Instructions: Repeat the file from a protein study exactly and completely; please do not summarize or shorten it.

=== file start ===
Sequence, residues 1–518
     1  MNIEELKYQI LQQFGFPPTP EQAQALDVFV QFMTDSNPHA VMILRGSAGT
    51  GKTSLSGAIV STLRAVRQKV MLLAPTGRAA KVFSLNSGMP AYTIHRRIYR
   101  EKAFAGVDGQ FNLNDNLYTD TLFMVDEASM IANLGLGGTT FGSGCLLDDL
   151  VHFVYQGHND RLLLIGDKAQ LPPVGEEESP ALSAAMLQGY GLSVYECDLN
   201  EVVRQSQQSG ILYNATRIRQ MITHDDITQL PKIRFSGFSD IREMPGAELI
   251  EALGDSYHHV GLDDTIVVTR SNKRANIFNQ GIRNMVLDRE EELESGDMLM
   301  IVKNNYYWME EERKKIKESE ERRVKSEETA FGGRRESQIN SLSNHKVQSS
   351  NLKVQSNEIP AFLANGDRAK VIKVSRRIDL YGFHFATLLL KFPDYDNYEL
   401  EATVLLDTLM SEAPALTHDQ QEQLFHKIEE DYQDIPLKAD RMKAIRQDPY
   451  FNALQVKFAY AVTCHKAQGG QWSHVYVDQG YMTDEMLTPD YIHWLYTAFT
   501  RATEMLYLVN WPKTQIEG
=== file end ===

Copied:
Sequence, residues 1–518
     1  MNIEELKYQI LQQFGFPPTP EQAQALDVFV QFMTDSNPHA VMILRGSAGT
    51  GKTSLSGAIV STLRAVRQKV MLLAPTGRAA KVFSLNSGMP AYTIHRRIYR
   101  EKAFAGVDGQ FNLNDNLYTD TLFMVDEASM IANLGLGGTT FGSGCLLDDL
   151  VHFVYQGHND RLLLIGDKAQ LPPVGEEESP ALSAAMLQGY GLSVYECDLN
   201  EVVRQSQQSG ILYNATRIRQ MITHDDITQL PKIRFSGFSD IREMPGAELI
   251  EALGDSYHHV GLDDTIVVTR SNKRANIFNQ GIRNMVLDRE EELESGDMLM
   301  IVKNNYYWME EERKKIKESE ERRVKSEETA FGGRRESQIN SLSNHKVQSS
   351  NLKVQSNEIP AFLANGDRAK VIKVSRRIDL YGFHFATLLL KFPDYDNYEL
   401  EATVLLDTLM SEAPALTHDQ QEQLFHKIEE DYQDIPLKAD RMKAIRQDPY
   451  FNALQVKFAY AVTCHKAQGG QWSHVYVDQG YMTDEMLTPD YIHWLYTAFT
   501  RATEMLYLVN WPKTQIEG